It's Monday and stuff is already getting crazy. Here's the good, the bad and the befuddling in the news today.

Butler County Sheriff Richard Jones shared his thoughts Friday on… something… ostensibly related to Cincinnati Mayor John Cranley’s recently announced immigration initiative. The initiative looks to attract documented immigrants who will contribute to economic growth in the region. Jones, who is well known for his vocal and strident opposition to immigration, went somewhere else entirely with it. Of note: Jones doesn’t seem to know the mayor’s name, calling him “Mayor Cranby” on 700 WLW. Anyway, Jones applauds Mayor Cranberry’s Cranley's plan, or the imaginary version of it he's conjured, for some fairly nontraditional reasons. I’ll just let him tell ya what’s on his mind:

“I want [Cincinnati] to be a haven for illegal aliens also,” he said. “Really I do. If Cincinnati, with all the violence, the killings they have every night in downtown Cincinnati … anybody that’s illegal in the country, let alone in Butler County, I encourage them to go there. If you’re listening today, if you’re illegal, you’ve committed crime, the mayor, Cranley or Cranby or whatever his name is, wants you to come to Cincinnati. I encourage it.”

Jones, you see, is freaked out about all the undocumented folks streaming into Butler County and would rather they come to a place like Cincinnati where someone gets shot downtown every night (note: this is not even remotely reality, but let’s keep moving). Jones was making the rounds Friday, also appearing on Glenn Beck’s The Blaze (where, puzzlingly, he posed in front of a picture of Cincinnati's skyline, probably because Hamilton's isn't nearly as epic or dangerous-looking). He went on the show to raise alarms about the incredibly dangerous influx of undocumented immigrants caused by Obama’s lax immigration policies and the upswing in horrific crimes that has happened since. Oh, and they’re going to spread disease because they haven’t been immunized. Jones is worried about that, too.

Except a few things. State data shows crimes in Butler County have been steady or falling since 2007, including the drug-related crimes and violent offenses Jones cites. And while the sheriff vaguely highlighted a couple tragic and genuinely reprehensible individual examples,  the flood of immigrant-related crime seems hard to find statistically. Also, epidemiologists say that refugees and immigrants coming from Mexico and Central America often have similar or even greater vaccination rates than U.S. citizens and pose little threat of spreading diseases. Finally, pinning a surge in illegal immigration on the Obama boogeyman is tough, since his administration has been pretty active in deporting undocumented immigrants. But, y'know, immigrants are scary and all.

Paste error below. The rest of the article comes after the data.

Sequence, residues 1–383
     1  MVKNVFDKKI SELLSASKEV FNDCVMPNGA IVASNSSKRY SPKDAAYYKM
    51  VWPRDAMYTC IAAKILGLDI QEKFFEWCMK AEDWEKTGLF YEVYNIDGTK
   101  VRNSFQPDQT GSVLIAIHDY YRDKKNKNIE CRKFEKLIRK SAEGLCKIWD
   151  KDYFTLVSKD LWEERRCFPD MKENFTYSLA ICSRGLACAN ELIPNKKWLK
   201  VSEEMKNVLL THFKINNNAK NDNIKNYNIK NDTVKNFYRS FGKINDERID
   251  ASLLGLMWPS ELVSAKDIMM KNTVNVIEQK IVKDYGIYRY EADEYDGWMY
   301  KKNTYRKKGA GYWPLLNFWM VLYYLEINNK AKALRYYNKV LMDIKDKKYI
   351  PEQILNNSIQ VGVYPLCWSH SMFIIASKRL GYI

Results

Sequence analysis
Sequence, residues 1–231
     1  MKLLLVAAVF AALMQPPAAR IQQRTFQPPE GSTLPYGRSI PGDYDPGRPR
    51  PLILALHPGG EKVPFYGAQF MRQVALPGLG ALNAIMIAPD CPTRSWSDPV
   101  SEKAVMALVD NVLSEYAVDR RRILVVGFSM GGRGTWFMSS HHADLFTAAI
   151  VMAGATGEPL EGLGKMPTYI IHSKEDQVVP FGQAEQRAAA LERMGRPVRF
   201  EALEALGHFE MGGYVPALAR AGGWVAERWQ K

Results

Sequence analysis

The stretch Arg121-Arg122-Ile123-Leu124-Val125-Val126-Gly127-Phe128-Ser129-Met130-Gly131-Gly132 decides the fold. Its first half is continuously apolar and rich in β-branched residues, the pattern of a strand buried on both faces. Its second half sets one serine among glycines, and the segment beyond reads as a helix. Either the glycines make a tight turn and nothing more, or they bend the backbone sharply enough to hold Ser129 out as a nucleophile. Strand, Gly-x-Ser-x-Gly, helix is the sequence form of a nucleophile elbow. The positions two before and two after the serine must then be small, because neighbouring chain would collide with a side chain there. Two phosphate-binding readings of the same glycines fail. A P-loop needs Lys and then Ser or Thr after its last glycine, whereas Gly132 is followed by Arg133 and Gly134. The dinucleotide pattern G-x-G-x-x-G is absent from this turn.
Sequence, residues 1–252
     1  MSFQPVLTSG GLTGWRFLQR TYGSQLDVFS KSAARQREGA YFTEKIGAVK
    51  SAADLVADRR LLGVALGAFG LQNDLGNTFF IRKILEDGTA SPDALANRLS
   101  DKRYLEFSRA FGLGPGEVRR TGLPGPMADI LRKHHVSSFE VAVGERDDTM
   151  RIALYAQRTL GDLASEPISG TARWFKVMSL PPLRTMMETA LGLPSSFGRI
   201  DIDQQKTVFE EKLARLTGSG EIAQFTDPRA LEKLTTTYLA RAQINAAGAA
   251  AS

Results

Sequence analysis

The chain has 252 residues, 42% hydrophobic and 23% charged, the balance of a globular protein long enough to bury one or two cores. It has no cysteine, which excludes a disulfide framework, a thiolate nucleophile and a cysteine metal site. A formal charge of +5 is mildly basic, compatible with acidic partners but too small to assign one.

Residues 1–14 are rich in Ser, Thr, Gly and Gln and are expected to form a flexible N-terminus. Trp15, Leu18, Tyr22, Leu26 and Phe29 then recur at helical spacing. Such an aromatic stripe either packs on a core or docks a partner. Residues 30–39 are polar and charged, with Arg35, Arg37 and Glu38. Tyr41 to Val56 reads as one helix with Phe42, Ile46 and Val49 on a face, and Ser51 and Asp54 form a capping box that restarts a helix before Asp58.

• LumenoCity organizers have something new in store this year: an interactive website, app and social media presence that will stream the event live as well as aggregate social media posts about the event, which takes place in Washington Park and combines a Cincinnati Symphony Orchestra performance with a dramatic light show projected onto Music Hall. The interactive portion will be introduced during the July 31 dress rehearsal, which has been opened up to an audience due to overwhelming demand for tickets to the event, which takes place Aug. 1 through Aug. 3.

• While you’re at LumenoCity this weekend — or, if you didn’t get tickets, hanging out around the park craning your neck to see what’s going on — you can pick up a new card designed to promote the arts in Over-the-Rhine. The Explore OTR card will be distributed by the small arts organizations in the city like Know Theatre and the Art Academy. After you’ve used the card at five of these smaller venues, you can redeem it for deals at larger arts organizations like the Cincinnati Symphony Orchestra. Pretty cool.

• After some stinging criticism of General Electric’s proposed new building at The Banks, some hand-wringing has commenced as to whether the gargantuan, decade-in-the-making development along the Ohio River is too boring (spoiler: probably).

A quote from Jim Fitzgerald, who sits on the city’s Urban Design Review Board:

"We have been disappointed with the quality of architecture on The Banks to date other than the stadiums. The stadiums are of reasonably good architecture, but the other buildings are very vanilla, very uninteresting, very disappointing."

The review board looks at all plans for buildings before construction begins, though their role is strictly advisory and their advice to the city is non-binding. Others, including city and county leaders, have pointed out that all the buildings currently constructed or planned for the site meet the standards the city has set out and say that the project is a work in progress.

• I’m always trying to get my out of town friends hooked on Cincinnati chili, with varying degrees of success. Skyline, it seems, is doing the same, making plans to open a fifth location in Louisville. Why Louisville? My guess: It’s just close enough that on a clear day, with the wind blowing just right, the fragrance of that sweet but spicy meat sauce wafts across the rolling landscape between the cities and entices Kentuckians the same way it does Cincy natives. Or there are just a lot of people originally from Cincinnati who now live there. Probably the latter. Currently, the chain operates stores in Ohio, Kentucky, Indiana and five locations in Florida, of all places. Go forth, Skyline, and spread the gospel of mountainous cheese and tiny hotdogs.